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Sonntag, 24. April 2011

Part 8 - Preah Vihear No Man's Land

Stone Staircase and 1st Gopura

The ascend from the Thai side begins right after passing the Khmer sign “Preah Vihear Temple”, not before paying the entrance fee of 200 Baht. Thai visitors very often ask one common question: ”And what’s the price for Thais?” To their surprise the simple answer is: “same same.” Latest by then many Thais recognize grudgingly for the first time that they are on foreign turf from now on.

   The schematic drawing of Preah Vihear above helps the visitor to understand where his/her current location is. The following pictures are in order from right to left, or in geographical terms, from North to South. That can be quite a challenge for the shutterbugs, because the sun will be up front all the way uphill. There is no automatic camera which can cope with that kind of back light. Therefore it is recommended to arrive in the morning as early as possible. A meaningful stopover at this place usually lasts at least three to four hours. For the passionate fan of ancient Khmer ruins it can easily be one full day. 

The Preah Vihear Temple tour starts with a nice work out up the stone staircase. At peaceful times a lively place for tourists and hawkers. Kids sell postcards, others unidentified Khmer essences and lucky charms. They know the numbers in English and Thai perfectly. But there’s where the conversational skills with foreigners end.

Some kids have a break, count their income, sort their postcards and listen to music on a Chinese walkman.  

We are now on our way climbing up stone staircases, strolling along Avenues and passing through Gopuras, these monumental richly ornamented Gates leading into ancient buildings of various purposes and finally reaching the holy place, the gallery with a temple inside, where once Shiva was worshipped.

So far the visitor has no idea what to expect. The Gopuras and buildings are hidden below the horizon, hidden from the eyes of people on the stone staircase.   

How did this area look like almost 1200 years ago? There’s lots of room for speculation and fantasy. Assuming that the Shiva temple at the most Southern end by then was in the works, there was definitely no staircase yet. Maybe a forest aisle has been already cut through the djungle, maybe the Khmers by then climbed up the exhausting path from what is called Cambodia today. A new nation was just forming. In 802 AD King Jayavarnam II declared independence from the ancient Kingdom of Java. Water and land Chenlas were united under his rule, protected by the very same Hindu Gods, they learnt to know from the Java rulers.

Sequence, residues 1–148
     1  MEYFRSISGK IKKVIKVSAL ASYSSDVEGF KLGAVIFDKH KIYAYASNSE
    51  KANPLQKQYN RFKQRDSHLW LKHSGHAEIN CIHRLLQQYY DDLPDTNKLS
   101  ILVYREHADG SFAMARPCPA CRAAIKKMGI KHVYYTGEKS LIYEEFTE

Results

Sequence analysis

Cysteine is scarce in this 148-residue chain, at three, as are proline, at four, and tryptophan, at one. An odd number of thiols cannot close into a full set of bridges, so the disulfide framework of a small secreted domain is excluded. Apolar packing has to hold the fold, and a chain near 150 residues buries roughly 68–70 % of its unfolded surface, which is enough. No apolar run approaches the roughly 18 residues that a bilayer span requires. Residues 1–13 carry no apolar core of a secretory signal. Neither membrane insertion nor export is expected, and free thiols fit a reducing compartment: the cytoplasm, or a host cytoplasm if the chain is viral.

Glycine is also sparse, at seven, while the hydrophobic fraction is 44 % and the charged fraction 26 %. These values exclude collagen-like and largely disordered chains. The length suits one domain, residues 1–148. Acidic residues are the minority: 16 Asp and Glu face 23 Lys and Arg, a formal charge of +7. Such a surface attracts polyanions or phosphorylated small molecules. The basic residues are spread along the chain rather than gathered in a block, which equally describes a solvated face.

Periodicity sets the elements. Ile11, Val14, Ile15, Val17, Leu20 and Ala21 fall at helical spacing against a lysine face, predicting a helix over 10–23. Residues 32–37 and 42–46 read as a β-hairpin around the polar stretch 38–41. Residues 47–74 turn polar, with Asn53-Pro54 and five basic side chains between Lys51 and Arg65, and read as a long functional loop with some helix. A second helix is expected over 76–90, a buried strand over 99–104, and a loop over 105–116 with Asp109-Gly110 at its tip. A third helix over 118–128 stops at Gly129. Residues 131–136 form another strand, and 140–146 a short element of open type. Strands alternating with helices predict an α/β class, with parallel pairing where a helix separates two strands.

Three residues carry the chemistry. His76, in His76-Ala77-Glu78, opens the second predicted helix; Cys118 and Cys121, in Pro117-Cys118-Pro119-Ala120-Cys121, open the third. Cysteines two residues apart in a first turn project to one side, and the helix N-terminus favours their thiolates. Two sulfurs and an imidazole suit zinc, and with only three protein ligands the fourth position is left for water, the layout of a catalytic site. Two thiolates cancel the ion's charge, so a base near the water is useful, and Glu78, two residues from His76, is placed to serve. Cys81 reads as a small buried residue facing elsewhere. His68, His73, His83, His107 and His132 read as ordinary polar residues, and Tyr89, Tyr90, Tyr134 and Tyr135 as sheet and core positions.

It is fair to assume that the Dangrek escarpment at that time was the most northern domain under the influence of the charismatic Khmer leader King Jayavarnam. To make this known to the people living in these realms he started to build a place of worship for the mighty Lord Shiva, the destroyer of the universe at the end of a cosmic day, lasting 4,320,000,000 solar years, and the merciful facilitator for a new universe the following dawn. That’s all what there was in the 9th century AD. Jayavarnam’s successors continued building by extending Preah Vihear with palaces, libraries, halls for festivities and living quarters for the royals and their guests.           

Buddhism didn’t play any important role in the people’s mind by then, although Mon traders, coming from what is Thailand and Burma today, might have spread the word in the Khmer world already. Alcoves were decorated with Shiva statues and lintels (pediments) covered with stone carvings telling the many legends of Shiva's heavenly life.

The symbols of power, however, were the same in the whole geografie. The lion…

…and the Naga, nak in Thai. This formidable serpent, often depicted with seven heads, and the sovereign of the waters. Whoever has this creature on his side or is guarded or protected by it, is invincible. The Khmer Kings gathered gifted stonemasons around them and ordered them to chisel the symbols of their power. There is no Khmer temple without Lions and Nagas.             

Naga at the Nagaraj Courtyard shortly before Gopura 1

After passing these fearsome guards and almost reaching the top of the stone staircase a look back is allowed…

And finally the tip of the first Gopura rises over the horizon, proudly presenting the Cambodian flag. Blue – red – blue with three Ankor Wat Prangs in white.   

The first Gopura is in a miserable state. It suffered most during the many conflicts this place experienced. Grenades have smashed its walls and the stones were used for something else, bunkers and the like, its treasures stolen. 

Just one lintel above the entrance survived. Surprisingly, because they are considered very valuable among collectors all over the world. But there used to be four of them. One on each point of the compass.  

Not much to awe about at the first Gopura, except some feelings of sadness might sneak into someone’s mind, when glancing back at this mostly man made ruination.

Ahead lies the first avenue, an invitation for a pleasant walk after all these steps on the stone staircase…

Cautionary Remark: Whoever intends to visit Preah Vihear / Khao Pra Wihan should ask for advice beforehand. As of now, April 2011, the place is closed for visitors. Thai and Cambodian troops face each other in close proximity. Renewed battles could emerge at any time.   

stay tuned... 

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